On the defensive side of the ball, Dallas had surrendered an average of 25.3 points per game, which was 21st in the NFL, its 413.2 yards given up per contest, ranking 30th. For their part, the Eagles defense ranked dead last in yards per game (420.2) and 29th in points (29.8).
All the makings for video-game-type numbers.
Except the Dallas defense, was stellar. With DeMarcus Ware sidelined with an injury, the defensive line held its own, providing continuous pressure and helping limit the Eagles to only 278 total yards of offense. Philadelphia quarterback Nick Foles was just 11 of 29 with 80 yards passing, while running back LeSean McCoy was held to 55 yards on 18 carries.
Meanwhile, although the Cowboys struggled themselves to move the ball in the first half, punter Chris Jones keeping plenty busy, in the second half, they did seem to make some adjustments. Spreading the offense out allowed for more movement, and in the end, Dallas finished with 368 total yards.
Making his 100th career start, Tony Romo, who aired it out more as the game went along, posted 317 passing yards and a touchdown. With his performance, he now has more completions and more passing yards than any quarterback in history through his first 100 starts.
The primary beneficiary of all that throwing was Dez Bryant, who surpassed the century mark with 110 yards receiving on a game-high eight catches. The rookie Terrance Williams continued to shine as well, catching a touchdown for the third straight game and finishing with 71 yards on six grabs.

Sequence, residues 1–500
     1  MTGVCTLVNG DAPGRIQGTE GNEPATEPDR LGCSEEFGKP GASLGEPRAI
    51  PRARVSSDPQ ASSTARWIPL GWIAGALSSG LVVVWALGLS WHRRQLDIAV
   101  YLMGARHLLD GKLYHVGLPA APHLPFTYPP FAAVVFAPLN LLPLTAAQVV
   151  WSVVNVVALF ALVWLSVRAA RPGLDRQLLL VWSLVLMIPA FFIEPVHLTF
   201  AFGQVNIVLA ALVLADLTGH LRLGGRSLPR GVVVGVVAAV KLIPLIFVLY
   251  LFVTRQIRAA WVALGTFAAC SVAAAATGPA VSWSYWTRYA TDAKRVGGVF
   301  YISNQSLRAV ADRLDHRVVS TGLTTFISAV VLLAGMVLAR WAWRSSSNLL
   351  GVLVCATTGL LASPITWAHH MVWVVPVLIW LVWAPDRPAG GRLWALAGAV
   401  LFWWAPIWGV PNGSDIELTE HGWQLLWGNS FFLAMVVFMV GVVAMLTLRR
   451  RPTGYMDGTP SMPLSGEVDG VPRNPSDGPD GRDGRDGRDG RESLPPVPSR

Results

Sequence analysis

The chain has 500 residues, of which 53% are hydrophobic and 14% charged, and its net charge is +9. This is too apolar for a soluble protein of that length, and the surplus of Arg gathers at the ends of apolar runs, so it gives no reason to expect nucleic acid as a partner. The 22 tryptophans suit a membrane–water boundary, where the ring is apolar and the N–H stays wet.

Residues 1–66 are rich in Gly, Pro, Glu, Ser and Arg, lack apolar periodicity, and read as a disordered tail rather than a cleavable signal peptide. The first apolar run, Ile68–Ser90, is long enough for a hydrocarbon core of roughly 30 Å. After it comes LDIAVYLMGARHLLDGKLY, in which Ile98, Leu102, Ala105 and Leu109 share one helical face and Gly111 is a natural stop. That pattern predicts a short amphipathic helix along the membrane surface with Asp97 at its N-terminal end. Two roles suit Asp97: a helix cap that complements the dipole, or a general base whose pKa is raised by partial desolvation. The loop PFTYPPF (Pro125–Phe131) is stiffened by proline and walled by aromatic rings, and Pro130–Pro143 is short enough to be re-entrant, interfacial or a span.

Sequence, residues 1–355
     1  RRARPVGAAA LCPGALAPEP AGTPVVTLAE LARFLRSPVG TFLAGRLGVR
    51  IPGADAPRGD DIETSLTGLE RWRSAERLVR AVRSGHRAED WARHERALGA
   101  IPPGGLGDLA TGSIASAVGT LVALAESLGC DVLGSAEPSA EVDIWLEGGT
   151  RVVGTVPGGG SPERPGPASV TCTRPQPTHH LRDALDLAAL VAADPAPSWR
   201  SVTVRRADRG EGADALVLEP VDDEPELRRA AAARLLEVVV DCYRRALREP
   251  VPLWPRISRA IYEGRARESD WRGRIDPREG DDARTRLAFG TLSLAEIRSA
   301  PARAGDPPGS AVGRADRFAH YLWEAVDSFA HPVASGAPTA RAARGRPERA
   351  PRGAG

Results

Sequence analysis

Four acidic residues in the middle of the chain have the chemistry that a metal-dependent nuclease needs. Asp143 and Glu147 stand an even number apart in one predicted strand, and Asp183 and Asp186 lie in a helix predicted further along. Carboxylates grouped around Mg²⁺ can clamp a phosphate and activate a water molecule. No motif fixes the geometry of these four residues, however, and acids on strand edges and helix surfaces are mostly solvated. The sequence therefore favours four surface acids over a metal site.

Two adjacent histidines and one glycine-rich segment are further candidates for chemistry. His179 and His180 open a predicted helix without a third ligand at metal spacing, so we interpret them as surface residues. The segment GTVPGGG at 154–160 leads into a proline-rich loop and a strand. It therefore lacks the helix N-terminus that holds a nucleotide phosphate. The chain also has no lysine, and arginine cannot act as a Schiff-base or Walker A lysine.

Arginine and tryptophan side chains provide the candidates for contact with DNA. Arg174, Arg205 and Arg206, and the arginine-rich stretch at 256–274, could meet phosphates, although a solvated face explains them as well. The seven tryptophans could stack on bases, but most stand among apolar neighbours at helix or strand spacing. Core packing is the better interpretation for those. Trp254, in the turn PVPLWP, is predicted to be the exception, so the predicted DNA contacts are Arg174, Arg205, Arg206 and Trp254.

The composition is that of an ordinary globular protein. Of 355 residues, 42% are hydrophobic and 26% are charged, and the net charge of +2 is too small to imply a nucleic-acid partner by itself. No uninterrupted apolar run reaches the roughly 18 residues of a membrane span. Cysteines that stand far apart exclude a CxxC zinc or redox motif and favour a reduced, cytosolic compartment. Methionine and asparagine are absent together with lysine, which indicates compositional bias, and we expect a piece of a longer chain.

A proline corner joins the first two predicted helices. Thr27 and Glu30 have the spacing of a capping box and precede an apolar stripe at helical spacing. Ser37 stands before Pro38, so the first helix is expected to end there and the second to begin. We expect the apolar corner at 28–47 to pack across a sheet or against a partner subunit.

Fellow rookie Joseph Randle, making his first career start, was steady in place of the injured DeMarco Murray, earning 93 yards from scrimmage off 19 carries and three receptions.
Still, it wasn’t a pretty beginning. In fact, midway through the second quarter, the two teams had combined for more punts (11) than first downs (10). And, the only points in the first half came late in the second frame, when Dallas started on its own 36-yard line, and finally worked deep into enemy territory, reaching the Philly 20. Romo had connections of 14, 15 and10 yards to Cole Beasley, Bryant and Williams, respectively, but once the drive stalled, Dan Bailey came out for a 38-yard field, splitting the uprights for three.
On their next possession, the Eagles tried to even things up, crossing midfield to the Cowboys 42. But on fourth-and-1 with 14 seconds left, Philadelphia curiously elected to try a 60-yard field goal rather than go for it and Alex Henery’s attempt, while long enough, sailed wide left.
But after picking up the field goal before the break, the Cowboys gained more momentum as the second half got underway. Things got started when Dwayne Harris brought the ball out of his own end zone and returned it to the Dallas 34-yard line.